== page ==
14 May 2015

Review #215: Material Girls by Elaine Dimopoulos

My rating: 4 of 5 stars

“Yes, because that’s really what this whole multibillion-dollar industry is all about, isn’t it? Inner beauty.” 

----The Devil Wears Prada

Elaine Dimopoulos, an American author, pens her debut YA dystopian novel, Material Girls where two teenagers try to cope with the pressures of the world where staying in the latest trends is the top priority, whereas there are people who are trying to put an end to this kind of industry.


In Marla Klein and Ivy Wilde’s world, teens are the gatekeepers of culture. A top fashion label employs sixteen-year-old Marla to dictate hot new clothing trends, while Ivy, a teen pop star, popularizes the garments that Marla approves. Both girls are pawns in a calculated but seductive system of corporate control, and both begin to question their world’s aggressive levels of consumption. Will their new “eco-chic” trend subversively resist and overturn the industry that controls every part of their lives?

Marla Klein works as an adviser who approves the latest trends and designs. Ivy Wilde is a coming-age and a top pop-star who embraces those latest trends and show it off to the world. Unfortunately Marla faces difficulty in picking out the latest trends and her team mates thinks otherwise that maybe she can't do this anymore. Ivy feels guilty about the clothes that she wears for only one time, since she is a diva and she is allowed to wear one apparel at a time, and because of her changing trends, people, with less money, are facing trouble in buying those clothes. And one day, Marla and Ivy decide to put an end to the way the fashion industry runs.

All the The Devil Wears Prada and Confessions of a Shopaholic will love reading this book, as this book is rich and deep with fashion and trends and glitter and sparkle. Moreover, the author enlightens us about how a finished apparel begins it's journey from being a piece of cloth to ending up behind the glossy and shiny windows of a top-notch fashion brand's store. It was really delightful to read about those technical stuffs related to creation of apparels.

The author created a parallel world to ours in her story where trends last only for few weeks and they are decided the governing body and everybody must stay "in" trend and must obey them blindly. Apart from that the dystopian world that the author created in her book was pretty vague with no supporting back-story to tell us about how these trends became the lifeline of the government etc and other stuffs like that, so it was a big let down for me.

The author have vividly portrayed the vulnerable yet glamorous life of a pop-diva who tried real hard to stay on top of the billboard, who is everyday threatened by her competitors to take away her limelight, who tries hard to sty with the latest fashion trends despite of those free samples of clothes and other accessories. Her life is equally beautiful, sad and dangerous, and that the author have captured well.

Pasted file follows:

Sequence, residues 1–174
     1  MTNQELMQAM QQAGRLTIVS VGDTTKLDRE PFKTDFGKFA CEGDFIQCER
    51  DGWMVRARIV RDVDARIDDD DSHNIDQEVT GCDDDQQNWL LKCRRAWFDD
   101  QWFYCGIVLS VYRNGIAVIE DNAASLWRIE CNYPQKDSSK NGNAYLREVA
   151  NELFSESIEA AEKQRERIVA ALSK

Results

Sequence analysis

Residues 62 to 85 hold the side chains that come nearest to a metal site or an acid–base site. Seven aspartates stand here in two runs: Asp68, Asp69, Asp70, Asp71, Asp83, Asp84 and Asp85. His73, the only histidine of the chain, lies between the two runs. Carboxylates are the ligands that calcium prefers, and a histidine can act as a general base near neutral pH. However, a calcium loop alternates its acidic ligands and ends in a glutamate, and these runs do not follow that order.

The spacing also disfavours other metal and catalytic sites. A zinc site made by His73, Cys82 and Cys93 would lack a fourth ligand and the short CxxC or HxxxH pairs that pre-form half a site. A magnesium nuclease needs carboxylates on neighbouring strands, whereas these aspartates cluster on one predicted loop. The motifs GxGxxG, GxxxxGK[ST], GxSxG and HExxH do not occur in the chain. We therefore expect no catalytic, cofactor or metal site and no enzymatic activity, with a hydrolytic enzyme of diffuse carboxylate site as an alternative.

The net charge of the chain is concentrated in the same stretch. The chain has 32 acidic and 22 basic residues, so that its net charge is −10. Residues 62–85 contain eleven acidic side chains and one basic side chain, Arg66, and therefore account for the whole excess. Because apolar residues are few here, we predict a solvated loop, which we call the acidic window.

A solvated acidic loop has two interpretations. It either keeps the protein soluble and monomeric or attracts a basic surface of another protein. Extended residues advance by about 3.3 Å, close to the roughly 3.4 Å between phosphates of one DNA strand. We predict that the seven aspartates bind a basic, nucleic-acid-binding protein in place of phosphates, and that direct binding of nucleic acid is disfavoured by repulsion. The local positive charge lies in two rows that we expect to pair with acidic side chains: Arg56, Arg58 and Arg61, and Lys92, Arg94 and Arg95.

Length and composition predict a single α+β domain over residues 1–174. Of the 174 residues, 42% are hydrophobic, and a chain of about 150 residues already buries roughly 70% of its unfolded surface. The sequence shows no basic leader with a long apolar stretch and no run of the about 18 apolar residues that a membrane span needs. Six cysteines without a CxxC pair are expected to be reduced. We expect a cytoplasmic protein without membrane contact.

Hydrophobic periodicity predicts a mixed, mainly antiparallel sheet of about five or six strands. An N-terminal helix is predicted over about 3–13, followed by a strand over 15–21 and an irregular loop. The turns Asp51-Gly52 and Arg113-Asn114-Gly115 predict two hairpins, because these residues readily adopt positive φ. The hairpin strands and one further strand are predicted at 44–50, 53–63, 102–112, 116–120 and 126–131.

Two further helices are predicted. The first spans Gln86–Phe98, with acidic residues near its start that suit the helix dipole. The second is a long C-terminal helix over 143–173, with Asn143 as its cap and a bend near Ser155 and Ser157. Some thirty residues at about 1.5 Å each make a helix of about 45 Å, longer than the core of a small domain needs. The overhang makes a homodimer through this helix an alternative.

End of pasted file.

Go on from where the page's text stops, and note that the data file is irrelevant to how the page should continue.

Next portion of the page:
The writing is good, the narrative style is also kind of articulate, in fact the book has got a steady pace without much drama, but there are lot of actions against the government, especially the rebels who can't afford to follow those trends.

Overall it is a strong and compelling book with an edgy theme but not very promising. Fashion freaks will have a great time while reading this book, and if you're a huge sci-fi YA fan, the you must read this book.

Verdict: Don't miss out this enchanting and enlightening dystopian novel about latest trends in fashion.

Courtesy: I'd love to thank the publisher for getting me a copy of the book in return for an honest review. 

Author Info:

Elaine studied writing at Simmons College’s Center for the Study of Children’s Literature. She was admitted to its M.F.A. program on the basis of a single short story. That story would become the first chapter of her novel Material Girls.

Before dedicating herself to writing for young people, Elaine earned a degree in literature from Yale and an M.A. in education leadership from the Klingenstein Center at Columbia. She currently teaches children’s literature and writing courses at Boston University and Grub Street. She served as the Associates of the Boston Public Library’s Children’s Writer-in-Residence while she wrote Material Girls and was also named a St. Botolph Club Emerging Artist. She blogs about children’s books for the parenting site Mommybites.com, and her writing has appeared in Of Looms and Lilies, a modern dance composition by choreographer Jody Weber. Elaine lives outside Boston with her family.
Visit her here

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